Prep Your Home for Your New Cat
Introducing your new cat to other family members requires some planning, especially if the family includes children or other pets. And if they don't already know, all household members should be shown how to safely handle a cat.
Introducing family members
A slow, quiet approach is best for acclimating your cat to her new home. Remember, the newcomer is in a strange place and may be nervous at first. Smaller children need to learn that their new cat is not a stuffed animal, but a living creature with feelings. As a new pet parent, you should be present when all introductions take place. Also, infants are best kept out of the picture until your friend has settled into her new environment.
If you have other pets in the household, your newcomer should encounter them from the safety of your lap. If a pet seems nervous upon introduction, it's best to keep them in separate quarters for a while, then switch each to the location the other was in. This way, they'll become accustomed to each other's scent within your home.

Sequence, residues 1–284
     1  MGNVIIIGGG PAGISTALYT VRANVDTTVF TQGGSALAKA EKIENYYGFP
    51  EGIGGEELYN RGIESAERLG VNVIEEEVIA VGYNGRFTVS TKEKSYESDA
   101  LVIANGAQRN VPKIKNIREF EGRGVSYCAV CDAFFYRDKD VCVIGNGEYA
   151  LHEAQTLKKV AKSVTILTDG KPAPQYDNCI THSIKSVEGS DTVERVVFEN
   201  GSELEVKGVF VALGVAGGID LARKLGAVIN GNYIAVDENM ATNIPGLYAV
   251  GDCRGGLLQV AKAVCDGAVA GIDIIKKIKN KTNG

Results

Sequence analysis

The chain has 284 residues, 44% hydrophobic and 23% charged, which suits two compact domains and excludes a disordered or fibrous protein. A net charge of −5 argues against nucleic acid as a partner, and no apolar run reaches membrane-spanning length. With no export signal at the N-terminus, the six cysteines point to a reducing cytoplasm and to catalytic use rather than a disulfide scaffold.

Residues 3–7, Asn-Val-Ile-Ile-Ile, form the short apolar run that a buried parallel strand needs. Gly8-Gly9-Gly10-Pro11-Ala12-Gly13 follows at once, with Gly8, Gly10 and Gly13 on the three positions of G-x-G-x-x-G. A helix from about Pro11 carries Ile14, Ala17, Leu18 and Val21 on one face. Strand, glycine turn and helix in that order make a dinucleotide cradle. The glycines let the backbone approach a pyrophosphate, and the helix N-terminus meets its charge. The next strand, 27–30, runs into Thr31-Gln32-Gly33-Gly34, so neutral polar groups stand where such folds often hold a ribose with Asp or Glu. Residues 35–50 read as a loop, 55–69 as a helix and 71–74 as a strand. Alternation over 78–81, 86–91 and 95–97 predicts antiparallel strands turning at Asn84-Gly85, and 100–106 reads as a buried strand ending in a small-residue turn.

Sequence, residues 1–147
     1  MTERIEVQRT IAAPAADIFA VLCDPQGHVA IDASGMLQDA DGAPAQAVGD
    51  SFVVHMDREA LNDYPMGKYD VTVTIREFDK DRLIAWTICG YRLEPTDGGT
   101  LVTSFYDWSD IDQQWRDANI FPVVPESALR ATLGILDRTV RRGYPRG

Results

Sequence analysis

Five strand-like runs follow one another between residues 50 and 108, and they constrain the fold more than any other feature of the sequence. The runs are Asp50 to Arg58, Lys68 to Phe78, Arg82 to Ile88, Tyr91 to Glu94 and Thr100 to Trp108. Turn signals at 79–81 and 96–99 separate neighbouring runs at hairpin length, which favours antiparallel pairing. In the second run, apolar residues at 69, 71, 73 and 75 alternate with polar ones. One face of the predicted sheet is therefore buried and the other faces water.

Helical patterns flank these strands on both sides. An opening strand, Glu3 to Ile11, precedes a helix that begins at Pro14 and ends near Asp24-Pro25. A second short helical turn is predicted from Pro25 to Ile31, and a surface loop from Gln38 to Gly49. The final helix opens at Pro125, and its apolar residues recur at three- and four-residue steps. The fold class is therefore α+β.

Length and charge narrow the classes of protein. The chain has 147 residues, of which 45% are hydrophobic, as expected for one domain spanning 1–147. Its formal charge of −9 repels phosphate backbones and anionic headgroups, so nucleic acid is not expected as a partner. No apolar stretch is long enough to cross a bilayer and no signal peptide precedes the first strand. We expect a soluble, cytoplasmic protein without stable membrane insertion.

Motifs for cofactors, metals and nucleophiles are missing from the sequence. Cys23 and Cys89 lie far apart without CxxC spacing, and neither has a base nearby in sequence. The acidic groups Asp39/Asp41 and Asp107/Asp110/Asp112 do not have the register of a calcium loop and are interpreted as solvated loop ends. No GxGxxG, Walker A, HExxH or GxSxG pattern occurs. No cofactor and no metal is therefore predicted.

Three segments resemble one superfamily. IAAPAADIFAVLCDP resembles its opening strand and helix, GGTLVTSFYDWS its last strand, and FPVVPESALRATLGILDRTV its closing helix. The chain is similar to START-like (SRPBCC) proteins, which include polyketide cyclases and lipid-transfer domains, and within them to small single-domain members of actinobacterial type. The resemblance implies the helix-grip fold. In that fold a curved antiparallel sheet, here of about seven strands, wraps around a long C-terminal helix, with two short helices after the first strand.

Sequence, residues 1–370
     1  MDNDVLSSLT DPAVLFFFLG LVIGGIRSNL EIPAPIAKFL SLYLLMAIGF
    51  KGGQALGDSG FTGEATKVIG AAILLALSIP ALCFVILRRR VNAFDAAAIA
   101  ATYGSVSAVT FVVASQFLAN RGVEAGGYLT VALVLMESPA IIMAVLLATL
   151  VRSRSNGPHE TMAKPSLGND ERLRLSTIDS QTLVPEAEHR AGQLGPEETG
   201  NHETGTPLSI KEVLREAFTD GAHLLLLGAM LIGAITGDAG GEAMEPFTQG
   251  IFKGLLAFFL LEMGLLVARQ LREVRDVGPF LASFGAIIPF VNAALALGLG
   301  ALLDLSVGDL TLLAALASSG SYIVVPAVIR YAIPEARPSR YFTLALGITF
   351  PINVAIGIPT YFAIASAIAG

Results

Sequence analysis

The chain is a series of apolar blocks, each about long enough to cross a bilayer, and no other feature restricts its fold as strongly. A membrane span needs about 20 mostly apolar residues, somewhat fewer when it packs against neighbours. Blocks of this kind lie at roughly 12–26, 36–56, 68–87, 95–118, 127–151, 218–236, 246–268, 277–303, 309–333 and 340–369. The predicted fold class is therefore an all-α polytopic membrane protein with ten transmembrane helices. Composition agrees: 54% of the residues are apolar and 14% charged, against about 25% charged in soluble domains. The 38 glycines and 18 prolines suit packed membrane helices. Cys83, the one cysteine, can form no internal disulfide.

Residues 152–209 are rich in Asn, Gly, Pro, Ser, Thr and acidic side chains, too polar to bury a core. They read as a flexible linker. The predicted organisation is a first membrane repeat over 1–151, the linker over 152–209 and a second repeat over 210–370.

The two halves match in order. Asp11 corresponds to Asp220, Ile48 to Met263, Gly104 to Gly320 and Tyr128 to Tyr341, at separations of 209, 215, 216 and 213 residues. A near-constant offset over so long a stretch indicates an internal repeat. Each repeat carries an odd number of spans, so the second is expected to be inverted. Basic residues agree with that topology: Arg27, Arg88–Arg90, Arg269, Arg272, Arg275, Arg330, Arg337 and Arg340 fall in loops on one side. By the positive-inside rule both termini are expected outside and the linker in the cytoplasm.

Some hissing or tail fluffing is normal at the beginning of new pet relationships. These actions are just signals that the cat is afraid.
Some new house rules
Until your new family member becomes familiar with your home, it is wise to make sure everyone understands the importance of:
* Keeping windows and doors shut so your new cat won't get lost outside your home
* Not leaving people food out in the open where it might tempt your new cat
* Double-checking the interiors of appliances like washers, dryers, and refrigerators before closing the door or turning them on to make sure a curious cat isn't inside
* Keeping toilet lids down to prevent potential drowning
Cat-proofing your home
All cats are curious, and kittens are twice as curious as their elders. Assume your new cat will get into anything and everything if you let her. Here are a few tips for new pet parents.
Poisonous to pets